We spend a good couple of hours when we first start up or talk to any client regarding their strategy. You know, the first and foremost important thing when you're putting together any form of strategy whatsoever is to determine what it is you're actually after. And I think a lot of people, I think an investment strategy is probably something that a lot of people are quite remiss. They don't really have an investment strategy written down. They don't have it really mapped out exactly. You know, first and foremost, why are you investing in property? Now you can say, well, it's the passive income. All that's all great, but why passive income, right? I mean, you're not going to be investing so that you can have the dollar in your hand and you can look at it.

There’s something that you want. That might be safety, it might be security, it might be to be able to give up a little bit of work, spend some more time with the family. It might be travel. All these things are what is really the core underlying reason as to why you're investing. So the first and foremost thing is to just sit down and determine exactly what it is you want. Then what you can do is start to build a strategy using property, which is really just a vehicle to be able to get you what it is that you want. And that's really the best way. Once you've got that strategy mapped out and you've got it really crystal clear, then of course it's really easy because then when you see deals, you can look at the deal and say, right, is this my strategy? Yes or no?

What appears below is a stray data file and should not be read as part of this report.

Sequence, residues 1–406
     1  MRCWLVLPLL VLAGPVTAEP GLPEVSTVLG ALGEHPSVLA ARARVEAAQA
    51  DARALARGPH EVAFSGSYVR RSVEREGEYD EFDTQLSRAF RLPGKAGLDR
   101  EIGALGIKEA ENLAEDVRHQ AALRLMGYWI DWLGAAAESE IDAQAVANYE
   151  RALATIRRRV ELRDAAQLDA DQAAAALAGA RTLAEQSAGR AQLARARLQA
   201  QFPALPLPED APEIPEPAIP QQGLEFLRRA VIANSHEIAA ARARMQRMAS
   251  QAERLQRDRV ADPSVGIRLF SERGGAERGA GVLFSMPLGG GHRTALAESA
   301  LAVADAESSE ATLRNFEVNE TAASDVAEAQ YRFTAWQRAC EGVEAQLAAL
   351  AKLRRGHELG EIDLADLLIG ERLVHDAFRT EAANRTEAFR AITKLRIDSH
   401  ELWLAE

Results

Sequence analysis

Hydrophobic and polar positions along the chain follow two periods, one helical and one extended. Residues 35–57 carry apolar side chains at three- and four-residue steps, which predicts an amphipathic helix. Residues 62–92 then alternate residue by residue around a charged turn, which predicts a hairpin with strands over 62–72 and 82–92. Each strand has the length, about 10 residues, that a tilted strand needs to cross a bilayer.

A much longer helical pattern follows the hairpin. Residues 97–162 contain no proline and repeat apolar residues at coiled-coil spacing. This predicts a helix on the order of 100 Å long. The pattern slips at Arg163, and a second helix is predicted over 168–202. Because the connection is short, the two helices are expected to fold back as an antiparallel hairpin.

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Well, if it is, then you can assess it and say, well, yes, this is a good deal and you take it. If it's not, it's easy because you just flick it and go to the next. So you know, without that strategy, that's where a lot of people buy the wrong types of properties. You know, they get themselves cornered and it might not be that they bought a bad deal. It just simply wasn't the right deal for their strategy. So, you know, this strategy is really important. We spend a good couple of hours with him and now in his case, of course, he's in quite an advantageous position a lot more so than probably a lot of us in that funding and finance was not really an issue for him. What he was looking to do was to develop an income that was to diversify so that he had a bit of safety and security.